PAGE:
Haman and Hate (and Hamas by Proxy?) meet the Hangman, Part Three

Part One: A Feast for the Eyes 

Part Two: Persia Meets Reality and Esther

 

Part Three: Haman and A Star is Worn

 

We begin this post with an understanding of Mordecai’s world view:

 “Fear the Lord your God, serve him only and take your oaths in his name.  Do not follow other gods, the gods of the peoples around you; …” Deuteronomy 6: 13-14

 As we have learned previously an assassination plot against King Xerxes had been foiled because of Mordecai’s ‘spying’ at the king’s gate. The information he gathered was relayed to his adopted daughter Queen Esther. She alerted the King, the story was checked out and the would-be assassins were sent to the gallows. Mordecai and Queen Esther had saved the Persian King’s life. But then a curious thing happens. We are not told why.

 “After these events, king Xerxes honored Haman son of Hammedatha, the Agagite, elevating him and giving him a seat of honor higher than that of all the other nobles. All the royal officials at the king’s gate knelt down and paid honor to Haman, for the king commanded this concerning him. But Mordecai would not kneel down or pay him honor.”

Haman on Parade

Haman on Parade

 The king’s officials took note of Mordecai’s lack of protocol and respect. They asked Mordecai, “Why do you disobey the king’s command? Day after day they spoke to him but he refused to comply. Therefore they told Haman about it to see whether Mordecai’s behavior would be tolerated, for he told them he was a Jew.”

 Let’s rewind and reflect for a moment. Remember, the king’s officials also wondered about Queen Vashti’s refusal to the King’s request to appear before him at the end of the banquet days. The king, as could be imagined at the climax of his “keep-my-cup-full” wine fest, had way too much to drink. Queen Vashti was well aware of this and made a wise choice to stay put.

 Subsequently, though, because of her choice, the queen was deposed from her throne, banished from the king’s presence via a decree sent out to the whole of Xerxes’ kingdom. The decree was worded so as to place all women in the kingdom into subservience to their husbands. Men were to be officially made the masters of their households and women were officially to be put in their ‘proper’ place.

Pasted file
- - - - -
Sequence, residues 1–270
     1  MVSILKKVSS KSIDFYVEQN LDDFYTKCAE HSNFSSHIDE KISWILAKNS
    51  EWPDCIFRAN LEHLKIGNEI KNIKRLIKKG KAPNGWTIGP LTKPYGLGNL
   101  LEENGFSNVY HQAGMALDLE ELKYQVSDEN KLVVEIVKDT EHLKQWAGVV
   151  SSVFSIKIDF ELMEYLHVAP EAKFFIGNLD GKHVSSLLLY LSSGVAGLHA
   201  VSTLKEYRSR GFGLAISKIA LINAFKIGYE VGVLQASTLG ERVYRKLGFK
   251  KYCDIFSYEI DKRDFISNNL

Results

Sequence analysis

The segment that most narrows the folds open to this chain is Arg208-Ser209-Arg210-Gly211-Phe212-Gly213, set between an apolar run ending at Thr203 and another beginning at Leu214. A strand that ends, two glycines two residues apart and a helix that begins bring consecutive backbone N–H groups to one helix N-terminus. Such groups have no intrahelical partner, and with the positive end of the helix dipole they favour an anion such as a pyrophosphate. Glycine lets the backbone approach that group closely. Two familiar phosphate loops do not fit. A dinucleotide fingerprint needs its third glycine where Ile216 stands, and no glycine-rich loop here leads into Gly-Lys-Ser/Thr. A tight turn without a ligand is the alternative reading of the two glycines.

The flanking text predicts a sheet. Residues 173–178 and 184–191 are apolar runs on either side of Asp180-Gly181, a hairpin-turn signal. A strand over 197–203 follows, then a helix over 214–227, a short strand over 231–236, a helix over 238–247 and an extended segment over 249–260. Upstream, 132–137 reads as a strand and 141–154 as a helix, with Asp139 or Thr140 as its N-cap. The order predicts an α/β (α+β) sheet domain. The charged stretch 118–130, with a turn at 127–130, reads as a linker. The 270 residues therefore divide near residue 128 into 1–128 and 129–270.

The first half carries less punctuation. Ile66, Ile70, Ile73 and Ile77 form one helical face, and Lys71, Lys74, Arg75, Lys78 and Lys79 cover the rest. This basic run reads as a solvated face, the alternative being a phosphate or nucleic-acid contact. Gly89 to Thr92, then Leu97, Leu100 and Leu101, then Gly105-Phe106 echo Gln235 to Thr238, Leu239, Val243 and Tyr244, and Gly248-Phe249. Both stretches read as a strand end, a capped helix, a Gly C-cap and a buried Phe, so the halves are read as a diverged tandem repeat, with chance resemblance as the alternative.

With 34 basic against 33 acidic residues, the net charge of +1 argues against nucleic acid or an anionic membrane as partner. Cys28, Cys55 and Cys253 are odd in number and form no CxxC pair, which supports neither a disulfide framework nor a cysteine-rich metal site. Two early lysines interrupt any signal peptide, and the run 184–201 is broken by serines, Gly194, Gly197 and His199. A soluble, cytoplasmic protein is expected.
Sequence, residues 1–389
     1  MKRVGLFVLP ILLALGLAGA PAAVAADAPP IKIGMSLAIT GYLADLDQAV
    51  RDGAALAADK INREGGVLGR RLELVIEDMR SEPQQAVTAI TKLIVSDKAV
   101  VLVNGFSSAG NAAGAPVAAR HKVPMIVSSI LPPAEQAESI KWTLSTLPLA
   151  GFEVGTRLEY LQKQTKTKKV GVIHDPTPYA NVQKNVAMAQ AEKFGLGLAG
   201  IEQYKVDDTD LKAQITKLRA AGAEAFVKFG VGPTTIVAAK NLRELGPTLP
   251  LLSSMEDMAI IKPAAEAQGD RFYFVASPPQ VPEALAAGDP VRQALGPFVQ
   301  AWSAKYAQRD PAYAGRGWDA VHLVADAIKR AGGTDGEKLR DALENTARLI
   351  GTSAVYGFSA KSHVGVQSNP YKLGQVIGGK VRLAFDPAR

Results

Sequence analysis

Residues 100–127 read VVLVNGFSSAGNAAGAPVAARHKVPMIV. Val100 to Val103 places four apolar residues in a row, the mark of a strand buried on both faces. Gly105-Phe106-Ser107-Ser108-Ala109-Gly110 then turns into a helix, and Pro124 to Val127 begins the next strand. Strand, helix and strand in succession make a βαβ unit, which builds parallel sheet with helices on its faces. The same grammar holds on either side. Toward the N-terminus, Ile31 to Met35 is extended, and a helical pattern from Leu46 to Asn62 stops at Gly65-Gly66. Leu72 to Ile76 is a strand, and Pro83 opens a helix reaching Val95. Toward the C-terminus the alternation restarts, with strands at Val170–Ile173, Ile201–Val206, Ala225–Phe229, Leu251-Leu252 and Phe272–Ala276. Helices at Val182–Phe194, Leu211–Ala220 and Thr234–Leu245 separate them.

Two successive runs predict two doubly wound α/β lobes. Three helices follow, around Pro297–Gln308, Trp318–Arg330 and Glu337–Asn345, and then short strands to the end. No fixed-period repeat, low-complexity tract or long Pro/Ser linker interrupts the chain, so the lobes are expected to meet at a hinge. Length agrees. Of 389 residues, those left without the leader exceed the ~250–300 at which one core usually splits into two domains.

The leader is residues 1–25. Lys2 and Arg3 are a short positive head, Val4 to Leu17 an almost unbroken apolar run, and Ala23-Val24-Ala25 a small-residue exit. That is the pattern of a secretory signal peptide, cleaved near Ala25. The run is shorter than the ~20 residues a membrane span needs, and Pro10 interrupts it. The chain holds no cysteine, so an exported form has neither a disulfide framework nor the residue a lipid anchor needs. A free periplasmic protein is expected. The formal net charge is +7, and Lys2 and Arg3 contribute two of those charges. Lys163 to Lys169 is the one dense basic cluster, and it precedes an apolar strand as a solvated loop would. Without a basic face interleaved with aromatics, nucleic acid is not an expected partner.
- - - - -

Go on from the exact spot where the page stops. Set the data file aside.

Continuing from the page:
Since nothing happens in isolation, what, more importantly, also transpired? Hegemonic patriarchy took over.

 The king’s officials, evil men, conspired together and wrote the self-serving decree.  This perverted patriarchy would go on to exclude women on the basis that women had a voice and a will of their own and therefore could make choices. To counter their fear of women and to shore up their insecurities the intended impact of the officials’ decree was to make women unequal with men. They placed a lesser value on women giving them no voice and no choice. A woman’s will was not to be her own anymore.

 This was all done ‘officially’ to promote ‘order’ in each household throughout Xerxes’ kingdom. The official exclusion of a woman’s natural rights removed women’s choice. Exclusion by decree also created a hierarchal marriage based on gender. Later, Islam and its guard dog Sharia law would codify the same exclusion and misogyny of women.

 As an aside, it should be noted that the Islamic ‘revelation’ of the false prophet Muhammad (born c. 570 A.D.) was a synthesis of Zoroastrianism, Christianity and other pagan religions. This ‘revelation’ inculcated the same hegemonic patriarchy and misogyny of women.

 The very same evil of Xerxes’ day became the basis for the prophet’s written ‘revelation’-the Quran. And it is the modern day interpretation of the Quran by one if its religious scholars, Qutb, a member of the Muslim Brotherhood, that prompted the Ayatollah Ali Khamenei in 2013 to announce to the world the “Islamic Awakening”-an invitation to join the Islamic world order revolution or else.

 What can be said about the roots of this destructive world order that declares a deadly fatwa and religious crusades (jihads) to eradicate the West and all infidels? What can be said when at the edge of a sword you must either embrace Islam and Sharia law or face exclusion of your head from your body?

 Per Miroslav Volf, the Henry B. Wright Professor of Theology at Yale Divinity School and Director of the Yale Center for Faith and Culture, in his book, “Exclusion & Embrace: A Theological Exploration of Identity, Otherness and Reconciliation”:

 “What then is exclusion? In a preliminary and rather schematic way one can point to interrelated aspects of exclusion, the one that transgresses against “binding” and the other that transgresses against “separating.” First, exclusion can entail cutting the bonds that connect, taking oneself out of the pattern of interdependence and placing oneself in a position of sovereign independence. The other then emerges either as an enemy that must be pushed away from the self and driven out of its space or as a nonentity-a superfluous being-that can be disregarded and abandoned. Second, exclusion can entail erasure of separation, not recognizing the other as someone who in his or her otherness belongs to the pattern of interdependence. The other then emerges as an inferior being who must either be assimilated by being made like the self or be subjugated to the self. Exclusion takes place when the violence of expulsion, assimilation, or subjugation and the indifference of abandonment replace the dynamics of taking in and keeping as the mutuality of giving and receiving.” (Empahsis mine)